Steve Brine


Former pharmacy minister Steve Brine says investing in local pharmacies to deliver more healthcare in the community will be a highly cost-effective strategy for the NHS…

It has been a hard fifteen months, but I suspect we will look back on 2021 as the Year of the Pharmacist.

I suspect however, for some pharmacists who have been working 16-hour days and struggling to balance the books while keeping their staff safe and serving their patients, it may not feel that way.

The truth is, this awful crisis has allowed pharmacies-who have sometimes been overlooked by the healthcare establishment as fulfilling a vital but limited function – to establish themselves as truly part of the NHS family with much more to offer than just dispensing medicines.

Pharmacies have become the visible face of the NHS during Covid. While most GPs closed their doors, pharmacies stayed open and helped their patients with so much more than just dispensing – providing advice on minor ailments and long term conditions, and becoming a crucial pressure valve to keep patients from overwhelming GPs and A&E departments.

Pharmacists have been no less than heroes, and they have begun to be recognised as such by ministers and indeed the prime minister who have been eager to recognise pharmacists as a true part of the NHS family, something that has not always been the case. With changes at the top of the NHSE executive, this view of pharmacists as so much more than contractors and widget-sellers can only gain more ground.

Pharmacies’ role in the vaccination programme has also been a big step forward for the position of the sector and we heard a positive vision of that role when the minister for vaccine deployment spoke at our first Sigma Taking pharmacy forward webinar.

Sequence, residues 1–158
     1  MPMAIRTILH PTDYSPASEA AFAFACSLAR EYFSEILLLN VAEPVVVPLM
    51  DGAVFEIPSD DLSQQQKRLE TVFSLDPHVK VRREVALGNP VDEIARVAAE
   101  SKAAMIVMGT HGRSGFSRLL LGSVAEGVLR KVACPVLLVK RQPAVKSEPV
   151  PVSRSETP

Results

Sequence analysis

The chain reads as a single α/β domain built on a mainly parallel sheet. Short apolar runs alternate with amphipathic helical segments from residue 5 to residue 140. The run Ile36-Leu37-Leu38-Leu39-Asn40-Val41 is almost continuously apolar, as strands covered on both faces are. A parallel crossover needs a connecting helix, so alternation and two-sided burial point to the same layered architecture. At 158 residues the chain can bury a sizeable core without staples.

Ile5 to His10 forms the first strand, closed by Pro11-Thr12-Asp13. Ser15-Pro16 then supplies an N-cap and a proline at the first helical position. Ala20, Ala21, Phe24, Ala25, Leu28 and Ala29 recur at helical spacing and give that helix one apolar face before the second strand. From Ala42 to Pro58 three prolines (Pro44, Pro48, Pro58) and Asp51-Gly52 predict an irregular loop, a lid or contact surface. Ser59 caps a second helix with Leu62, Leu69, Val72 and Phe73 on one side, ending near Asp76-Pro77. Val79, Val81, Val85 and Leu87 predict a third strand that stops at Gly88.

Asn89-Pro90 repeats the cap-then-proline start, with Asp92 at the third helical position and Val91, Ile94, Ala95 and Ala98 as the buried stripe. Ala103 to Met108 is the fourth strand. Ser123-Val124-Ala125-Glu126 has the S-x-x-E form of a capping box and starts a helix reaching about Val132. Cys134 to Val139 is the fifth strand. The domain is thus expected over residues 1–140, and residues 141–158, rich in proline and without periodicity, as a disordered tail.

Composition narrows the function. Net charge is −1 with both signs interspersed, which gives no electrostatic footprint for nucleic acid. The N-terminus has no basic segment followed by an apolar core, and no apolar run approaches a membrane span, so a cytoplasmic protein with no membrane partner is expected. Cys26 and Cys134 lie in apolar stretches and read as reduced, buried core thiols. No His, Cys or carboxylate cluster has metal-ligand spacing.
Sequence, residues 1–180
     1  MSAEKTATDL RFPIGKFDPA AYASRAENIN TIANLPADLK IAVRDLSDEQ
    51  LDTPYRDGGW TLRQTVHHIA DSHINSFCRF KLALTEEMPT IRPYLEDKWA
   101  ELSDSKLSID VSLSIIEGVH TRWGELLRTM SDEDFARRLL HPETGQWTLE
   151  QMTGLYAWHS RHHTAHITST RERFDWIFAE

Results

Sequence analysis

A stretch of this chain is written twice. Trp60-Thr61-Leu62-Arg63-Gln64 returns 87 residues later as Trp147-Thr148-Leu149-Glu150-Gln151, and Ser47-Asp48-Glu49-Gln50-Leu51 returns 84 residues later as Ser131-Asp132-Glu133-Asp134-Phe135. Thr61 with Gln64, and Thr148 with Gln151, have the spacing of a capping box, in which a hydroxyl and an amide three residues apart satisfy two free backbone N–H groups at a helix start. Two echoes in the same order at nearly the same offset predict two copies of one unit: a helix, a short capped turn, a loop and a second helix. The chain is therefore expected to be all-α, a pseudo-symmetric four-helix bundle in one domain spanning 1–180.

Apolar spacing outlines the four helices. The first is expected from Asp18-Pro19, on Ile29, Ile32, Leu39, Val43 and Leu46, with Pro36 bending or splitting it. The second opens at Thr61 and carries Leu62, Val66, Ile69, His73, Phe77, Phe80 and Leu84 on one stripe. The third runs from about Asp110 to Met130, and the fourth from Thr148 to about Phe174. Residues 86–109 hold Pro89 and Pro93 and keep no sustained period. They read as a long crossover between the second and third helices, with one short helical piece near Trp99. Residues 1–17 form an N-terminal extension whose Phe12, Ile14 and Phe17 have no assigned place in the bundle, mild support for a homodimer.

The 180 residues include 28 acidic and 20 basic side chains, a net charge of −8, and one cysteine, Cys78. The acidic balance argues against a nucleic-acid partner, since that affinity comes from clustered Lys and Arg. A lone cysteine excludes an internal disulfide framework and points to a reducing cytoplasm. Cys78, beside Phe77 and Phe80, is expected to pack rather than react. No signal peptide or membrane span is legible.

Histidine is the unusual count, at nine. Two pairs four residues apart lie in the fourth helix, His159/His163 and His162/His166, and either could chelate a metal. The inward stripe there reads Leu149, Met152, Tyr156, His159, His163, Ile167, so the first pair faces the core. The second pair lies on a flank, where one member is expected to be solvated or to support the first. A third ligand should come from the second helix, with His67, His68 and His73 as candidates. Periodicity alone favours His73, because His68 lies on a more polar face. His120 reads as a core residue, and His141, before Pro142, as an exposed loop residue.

While it has not been without problems-taking until late February for the NHS to lower the minimum threshold to 400 jabs a week for pharmacy-led vaccination sites – this is a recognition that pharmacies have highly-trained medical staff available on every high street in Britain.

Community pharmacy teams have also administered over a million more flu vaccinations under the national flu vaccination service during 2020-21 than the previous year. If they can do this, what else can pharmacies offer to the community?

This is the crucial question that the sector needs to answer quickly. The promised Health Bill and major reforms to the structure of the NHS – while not the topics that families will be discussing over their summer barbeques – are a window of opportunity for pharmacies to build a new and greater role within the health service.

At a time when the wholly GP-led model of primary care is under unprecedented stress and A&E departments are busier than ever, the network of 11,500 community pharmacies is poised and ready to help, as outlined to me by the National Pharmacy Association which has been the leading voice for community pharmacies during the crisis.

Firstly, pharmacies can play an even bigger role in the general Covid vaccine rollout-allowing GPs to focus on clearing the backlog in the NHS.